The ancient world has always been a fascinating subject. In some ways, the people who lived during that time could not be more different than ourselves, but what truly makes them intriguing are the ways in which we are similar despite the thousands of years that separate us. There have been countless works of historical fiction set in the ancient world, and we’ve assembled just a few of the best in this list. From Roman mysteries to intrigue in the Egyptian court, here are eight historical fiction novels about the ancient world.
The Song of Achilles
A retelling of Homer’s Iliad, The Song of Achilles is one of the most popular historical fiction novels in recent memory. Told from the perspective of Achilles’ close companion and lover Patroclus, the novel begins when Patroclus is exiled from his Greek homeland to Phthia. There he meets the charming prince Achilles, and they quickly form a bond that only grows stronger when Achilles’ mother Thetis tries to separate them.
As the events of the legendary Trojan War begin to play out, the two men are haunted by the prophecy that Achilles will die after he kills the Trojan prince Hector. But Achilles cannot resist the promise of glory and Patroclus, bound by loyalty and love, follows him into the fray. The tragic conclusion of their story is inevitable; after all, it was set in place thousands of years ago. But author Madeline Miller’s emotionally charged and beautiful prose will keep readers invested in this take on one of humanity’s oldest stories.
The first in Steven Saylor’s Roma Sub Rosa historical mystery series, Roman Blood introduces readers to Roman sleuth Gordianus the Finder, who solves crimes in the final decades of the Roman Republic. In the year 80 BCE, Gordianus is called to the house of Cicero, an up-and-coming lawyer. Cicero is currently defending Sextus Roscius, a man accused of killing his own father. Cicero’s career is on the line, and Sextus will suffer a terrible fate if he is convicted.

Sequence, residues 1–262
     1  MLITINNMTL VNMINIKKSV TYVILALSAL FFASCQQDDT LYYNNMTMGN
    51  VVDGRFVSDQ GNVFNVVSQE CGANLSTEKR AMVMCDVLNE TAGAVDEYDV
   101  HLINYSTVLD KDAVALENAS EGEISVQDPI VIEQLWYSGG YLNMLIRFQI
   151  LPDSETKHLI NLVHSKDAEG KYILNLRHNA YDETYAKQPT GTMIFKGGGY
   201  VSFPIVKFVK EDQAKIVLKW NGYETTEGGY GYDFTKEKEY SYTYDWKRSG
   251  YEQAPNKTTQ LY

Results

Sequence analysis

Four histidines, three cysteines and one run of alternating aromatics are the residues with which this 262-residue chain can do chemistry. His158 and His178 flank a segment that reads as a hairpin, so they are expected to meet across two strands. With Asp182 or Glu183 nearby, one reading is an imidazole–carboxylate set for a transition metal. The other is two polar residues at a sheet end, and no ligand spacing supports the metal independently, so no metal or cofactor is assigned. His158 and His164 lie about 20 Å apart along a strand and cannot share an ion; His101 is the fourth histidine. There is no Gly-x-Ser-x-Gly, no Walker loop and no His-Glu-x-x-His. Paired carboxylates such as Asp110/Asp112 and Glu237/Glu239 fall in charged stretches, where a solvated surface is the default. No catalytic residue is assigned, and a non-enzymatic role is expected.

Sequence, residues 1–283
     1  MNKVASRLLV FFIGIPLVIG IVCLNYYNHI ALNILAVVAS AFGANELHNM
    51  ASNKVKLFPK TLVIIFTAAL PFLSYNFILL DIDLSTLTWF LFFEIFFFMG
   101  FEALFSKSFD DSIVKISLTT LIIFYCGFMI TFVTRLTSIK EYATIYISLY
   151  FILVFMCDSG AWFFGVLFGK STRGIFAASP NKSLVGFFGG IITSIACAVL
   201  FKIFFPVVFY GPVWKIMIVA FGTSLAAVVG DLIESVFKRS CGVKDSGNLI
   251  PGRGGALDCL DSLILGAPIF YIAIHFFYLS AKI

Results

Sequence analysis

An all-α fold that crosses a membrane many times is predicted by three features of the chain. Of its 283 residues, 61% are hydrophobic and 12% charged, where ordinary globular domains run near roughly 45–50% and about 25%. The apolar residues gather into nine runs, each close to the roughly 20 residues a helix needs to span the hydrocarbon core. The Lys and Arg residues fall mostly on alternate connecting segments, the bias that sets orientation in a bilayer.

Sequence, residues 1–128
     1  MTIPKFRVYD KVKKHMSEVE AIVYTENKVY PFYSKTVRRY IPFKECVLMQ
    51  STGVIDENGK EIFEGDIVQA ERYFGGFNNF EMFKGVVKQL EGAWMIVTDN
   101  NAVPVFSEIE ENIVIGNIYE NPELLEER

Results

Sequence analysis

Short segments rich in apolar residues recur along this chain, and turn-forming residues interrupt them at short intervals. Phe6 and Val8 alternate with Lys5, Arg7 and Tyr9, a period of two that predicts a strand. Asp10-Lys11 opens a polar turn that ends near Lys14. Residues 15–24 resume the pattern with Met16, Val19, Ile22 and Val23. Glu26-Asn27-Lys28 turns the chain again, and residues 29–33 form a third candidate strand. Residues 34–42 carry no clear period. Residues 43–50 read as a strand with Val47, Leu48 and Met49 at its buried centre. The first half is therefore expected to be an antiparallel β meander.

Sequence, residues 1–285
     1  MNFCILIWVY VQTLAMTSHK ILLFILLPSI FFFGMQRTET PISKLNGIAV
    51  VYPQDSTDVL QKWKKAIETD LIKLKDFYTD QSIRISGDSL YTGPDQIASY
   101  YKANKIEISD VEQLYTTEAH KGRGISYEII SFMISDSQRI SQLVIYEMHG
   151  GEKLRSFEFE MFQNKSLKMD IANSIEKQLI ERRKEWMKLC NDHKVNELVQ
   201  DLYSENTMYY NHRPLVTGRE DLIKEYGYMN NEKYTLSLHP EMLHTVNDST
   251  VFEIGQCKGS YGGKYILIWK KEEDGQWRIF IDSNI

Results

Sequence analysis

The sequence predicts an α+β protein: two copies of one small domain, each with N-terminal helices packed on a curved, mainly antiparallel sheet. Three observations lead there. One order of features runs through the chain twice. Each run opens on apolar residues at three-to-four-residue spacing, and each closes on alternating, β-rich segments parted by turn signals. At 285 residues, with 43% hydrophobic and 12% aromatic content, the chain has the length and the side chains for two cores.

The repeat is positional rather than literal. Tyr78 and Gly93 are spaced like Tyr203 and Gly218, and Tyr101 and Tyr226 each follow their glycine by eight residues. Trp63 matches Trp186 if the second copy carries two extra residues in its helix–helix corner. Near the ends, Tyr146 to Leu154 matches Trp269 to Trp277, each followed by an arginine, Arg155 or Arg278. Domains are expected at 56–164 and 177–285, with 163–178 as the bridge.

It is now up to Gordianus to discover the true culprit. His investigation starts in the city’s seedy underbelly, but it quickly becomes apparent that this case has connections much higher up in society. A political scandal is brewing, and the fate of one man might threaten the entire power structure of Rome itself.
Glory and the Lightning
Before she was even born, Aspasia’s wealthy father vowed to abandon any female child he had. Her fate sealed, Aspasia was shipped off to be raised as a courtesan. While living in a harem in Persia, she meets Pericles, the formidable ruler of Athens. He is charmed by Aspasia’s beauty and intellectual prowess, and the two soon return to Greece together.
Equals in every sense, Aspasia and Pericles face the scandals, revolts, and general chaos of ancient Athens. The two will struggle to keep order as the Peloponnesian War breaks out and the city is devastated by plague. Author Taylor Caldwell transports readers into the mind of one of history’s most interesting women in this New York Times bestseller.
Nefertiti had always known she was destined to be Queen of Egypt. Her family had provided wives to the pharaohs for centuries, and when the time comes, she is swiftly married off to Amunhotep. The young pharaoh is obsessed with abandoning the old gods of his country for a new religion, and everyone hopes Nefertiti’s strong personality will calm him. Excited by her immediate popularity with the people and ascension to power, Nefertiti fails to notice the priests planning her husband’s downfall.